lefty veteran JA Happ has retired after spending parts of 15 seasons in the Major Leagues. The 39-year-old discussed his career, his journey to pro ball and his decision to step away from the game in an appearance on the Heart Strong Podcast with Jessica Lindberg.
Happ acknowledges that he went “back and forth for pretty much the whole winter” trying to determine whether he wanted to return for another season, going through his usual training regimen to be ready in case he felt a pull to return to the mound.
“It got to the point where it was Opening Day, and I turned the first game on, and I talked to my wife, Morgan, and I said ‘What are you feeling?’ She just kind of looked at me and said, ‘A little anxiety.’ I wanted to turn it on to see what I felt, too, and I didn’t maybe feel what I needed to feel in order to think I wanted to keep doing this. I felt like that was a sign, like ‘OK, it’s time to go.’ Even though I had put the work in to be ready if the right situation came, I felt like it was time to move on and be a dad and dive into the kids. … It was emotional — something I didn’t expect. I called my agent that day, right after we turned that game on, and said, ‘I think this is it.’ I told the people I feel like I needed to tell. I think I’m still processing it, but I do wake up feeling good about it, and I’m happy to start the process of being a full-time dad, for the time being, at the very least.”
Originally a third-round pick by the Phillies back in 2004, Happ made his MLB debut with Philadelphia in 2007, appearing in just one game. He pitched in eight games the following year, earning enough trust to make the team’s NLCS roster and turn in three sharp innings of relief. By the 2009 season, Happ not only established himself as a member of the Phillies’ rotation but took home a second-place finish in NL Rookie of the Year voting after logging a 2.93 ERA in 166 innings of work. He began that year in the bullpen but moved into the rotation in late May, going on to hurl shutouts against the Blue Jays and Rockies in just the seventh and fourteenth starts of his big league career.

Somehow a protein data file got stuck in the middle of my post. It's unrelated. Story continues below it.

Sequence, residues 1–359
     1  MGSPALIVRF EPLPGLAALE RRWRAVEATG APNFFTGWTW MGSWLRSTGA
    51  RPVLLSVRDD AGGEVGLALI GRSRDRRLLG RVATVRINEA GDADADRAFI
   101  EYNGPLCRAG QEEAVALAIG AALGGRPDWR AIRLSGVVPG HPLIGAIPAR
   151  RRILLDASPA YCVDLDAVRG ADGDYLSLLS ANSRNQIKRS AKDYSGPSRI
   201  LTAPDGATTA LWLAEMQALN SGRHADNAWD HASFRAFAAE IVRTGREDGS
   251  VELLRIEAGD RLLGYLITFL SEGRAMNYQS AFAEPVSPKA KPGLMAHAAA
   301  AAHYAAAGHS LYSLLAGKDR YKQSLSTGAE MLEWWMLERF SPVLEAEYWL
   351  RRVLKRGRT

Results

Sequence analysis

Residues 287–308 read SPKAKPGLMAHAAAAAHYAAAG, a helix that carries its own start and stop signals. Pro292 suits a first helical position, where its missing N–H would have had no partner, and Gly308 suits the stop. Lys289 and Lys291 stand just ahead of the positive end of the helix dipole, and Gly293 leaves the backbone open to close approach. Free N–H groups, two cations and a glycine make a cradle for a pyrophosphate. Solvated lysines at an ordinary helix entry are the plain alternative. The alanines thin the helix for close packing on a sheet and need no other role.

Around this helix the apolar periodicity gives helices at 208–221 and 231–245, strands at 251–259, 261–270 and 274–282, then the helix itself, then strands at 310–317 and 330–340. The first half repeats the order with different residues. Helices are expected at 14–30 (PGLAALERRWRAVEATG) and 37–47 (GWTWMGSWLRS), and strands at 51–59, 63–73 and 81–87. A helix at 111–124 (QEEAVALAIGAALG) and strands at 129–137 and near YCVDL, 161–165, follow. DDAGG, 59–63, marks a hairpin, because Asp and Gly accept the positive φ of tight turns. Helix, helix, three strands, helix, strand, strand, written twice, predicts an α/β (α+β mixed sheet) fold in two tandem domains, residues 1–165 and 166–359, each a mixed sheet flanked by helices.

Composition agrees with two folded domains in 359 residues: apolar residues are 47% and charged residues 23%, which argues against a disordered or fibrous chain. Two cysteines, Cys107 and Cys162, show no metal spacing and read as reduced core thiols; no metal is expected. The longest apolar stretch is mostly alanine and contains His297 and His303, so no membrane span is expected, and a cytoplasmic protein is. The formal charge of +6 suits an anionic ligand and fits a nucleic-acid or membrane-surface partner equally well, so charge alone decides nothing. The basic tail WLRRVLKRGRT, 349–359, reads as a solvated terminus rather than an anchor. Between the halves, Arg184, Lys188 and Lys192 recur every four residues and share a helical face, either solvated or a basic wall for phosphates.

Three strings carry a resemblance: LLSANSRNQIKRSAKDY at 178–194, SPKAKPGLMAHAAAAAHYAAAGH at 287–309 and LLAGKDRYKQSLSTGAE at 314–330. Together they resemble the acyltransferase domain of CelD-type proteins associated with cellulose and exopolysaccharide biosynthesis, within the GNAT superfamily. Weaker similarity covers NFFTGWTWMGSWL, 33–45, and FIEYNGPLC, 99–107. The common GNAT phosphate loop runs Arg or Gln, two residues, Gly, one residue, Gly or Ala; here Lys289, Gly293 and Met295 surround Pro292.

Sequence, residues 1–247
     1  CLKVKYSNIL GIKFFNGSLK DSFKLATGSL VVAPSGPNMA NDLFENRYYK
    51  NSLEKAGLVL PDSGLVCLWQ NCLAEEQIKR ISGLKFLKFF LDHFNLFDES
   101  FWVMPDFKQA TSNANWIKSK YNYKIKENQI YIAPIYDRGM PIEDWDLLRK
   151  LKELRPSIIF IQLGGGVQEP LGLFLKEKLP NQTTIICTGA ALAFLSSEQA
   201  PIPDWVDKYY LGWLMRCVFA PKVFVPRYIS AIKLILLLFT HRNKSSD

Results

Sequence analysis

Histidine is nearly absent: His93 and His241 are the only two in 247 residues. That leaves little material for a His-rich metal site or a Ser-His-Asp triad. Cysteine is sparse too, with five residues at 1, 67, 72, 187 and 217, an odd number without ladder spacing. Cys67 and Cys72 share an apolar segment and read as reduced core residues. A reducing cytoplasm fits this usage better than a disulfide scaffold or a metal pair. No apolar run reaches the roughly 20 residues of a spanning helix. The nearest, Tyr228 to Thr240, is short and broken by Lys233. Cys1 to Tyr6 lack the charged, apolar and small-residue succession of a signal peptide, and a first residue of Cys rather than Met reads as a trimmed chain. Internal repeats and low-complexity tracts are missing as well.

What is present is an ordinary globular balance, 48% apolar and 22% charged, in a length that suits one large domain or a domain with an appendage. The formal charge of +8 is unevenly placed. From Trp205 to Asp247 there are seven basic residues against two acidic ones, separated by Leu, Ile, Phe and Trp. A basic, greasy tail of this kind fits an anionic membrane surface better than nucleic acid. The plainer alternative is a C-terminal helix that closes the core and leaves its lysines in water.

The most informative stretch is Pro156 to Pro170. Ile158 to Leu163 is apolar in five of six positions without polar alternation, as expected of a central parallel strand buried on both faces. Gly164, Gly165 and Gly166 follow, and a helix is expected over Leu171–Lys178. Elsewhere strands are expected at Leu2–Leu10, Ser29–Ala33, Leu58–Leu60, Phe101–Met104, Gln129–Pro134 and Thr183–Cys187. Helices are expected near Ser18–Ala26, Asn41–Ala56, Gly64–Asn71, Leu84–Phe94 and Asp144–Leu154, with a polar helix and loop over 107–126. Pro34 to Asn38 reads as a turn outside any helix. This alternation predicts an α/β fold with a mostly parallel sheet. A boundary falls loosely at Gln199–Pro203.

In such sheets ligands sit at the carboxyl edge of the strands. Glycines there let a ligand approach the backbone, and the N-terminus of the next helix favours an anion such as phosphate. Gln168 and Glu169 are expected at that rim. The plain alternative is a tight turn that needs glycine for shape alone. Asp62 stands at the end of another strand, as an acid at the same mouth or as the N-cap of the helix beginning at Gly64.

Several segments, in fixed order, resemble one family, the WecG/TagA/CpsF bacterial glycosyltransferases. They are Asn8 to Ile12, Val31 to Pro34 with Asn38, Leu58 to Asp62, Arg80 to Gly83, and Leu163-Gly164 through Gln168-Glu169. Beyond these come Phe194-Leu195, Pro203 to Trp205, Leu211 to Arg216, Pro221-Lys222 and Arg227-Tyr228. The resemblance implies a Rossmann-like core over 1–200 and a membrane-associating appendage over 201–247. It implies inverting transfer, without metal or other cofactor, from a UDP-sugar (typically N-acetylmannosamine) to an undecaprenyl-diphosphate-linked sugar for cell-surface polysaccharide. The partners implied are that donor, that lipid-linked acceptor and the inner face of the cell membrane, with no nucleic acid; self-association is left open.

Strong as Happ’s early work was, the Phillies couldn’t resist the temptation to include him as part of the return for right-hander Roy Oswalt — a three-time All-Star and regular Cy Young contender at that point in his career. That 2010 swap proved to be the first of several notable trades in which Happ was involved over the course of his career. The Astros included him in a massive 11-player swap with the Jays that saw Happ land in Toronto and a then fresh-faced prospect named Joe Musgrove among the most notable names sent to Houston. Happ was also swapped straight up for outfielder Michael Saunders in 2014, and after returning to the Blue Jays on a three-year, $36MM deal as a free agent, he was flipped to the Yankees for Brandon Drury and Billy McKinney in the final season of that pact.
Happ was never a flamethrower or a perennial All-Star, but he carved out a lengthy career as a mid-rotation starter in the perennially dangerous American League East, spending six of his 15 years with the Jays and another three with the Yankees. From Happ’s peak in 2014-20, he notched 1058 2/3 innings of 3.81 ERA ball — a strong run that included an All-Star nod in 2018 and a sixth-place finish in 2016 American League Cy Young voting. His consistency netted him a trio of sizable free-agent contracts: his aforementioned $36MM deal with the Blue Jays, a two-year Yankees deal worth $34MM, and a one-year deal with the Twins that promised him $8MM just last season.
All in all, Happ steps away from the game with a lifetime 133-100 record, a 4.13 ERA, 1661 strikeouts, four complete games and three shutouts compiled while suiting up for eight teams: the Blue Jays, Phillies, Yankees, Astros, Twins , Mariners, Pirates and Cardinals. He reached the postseason six times, winning a World Series ring with the 2008 Phillies and pitching well in four of those six playoff runs. (He made one start with the Yankees both in 2018 and 2020, neither of which went particularly well.) Between the three previously referenced free-agent deals and his arbitration seasons, Happ earned more than $97MM in a career pegged at 21.5 wins above replacement by Baseball-Reference and 21.8 WAR by FanGraphs.
Photo courtesy of USA Today Sports Images/Imagn.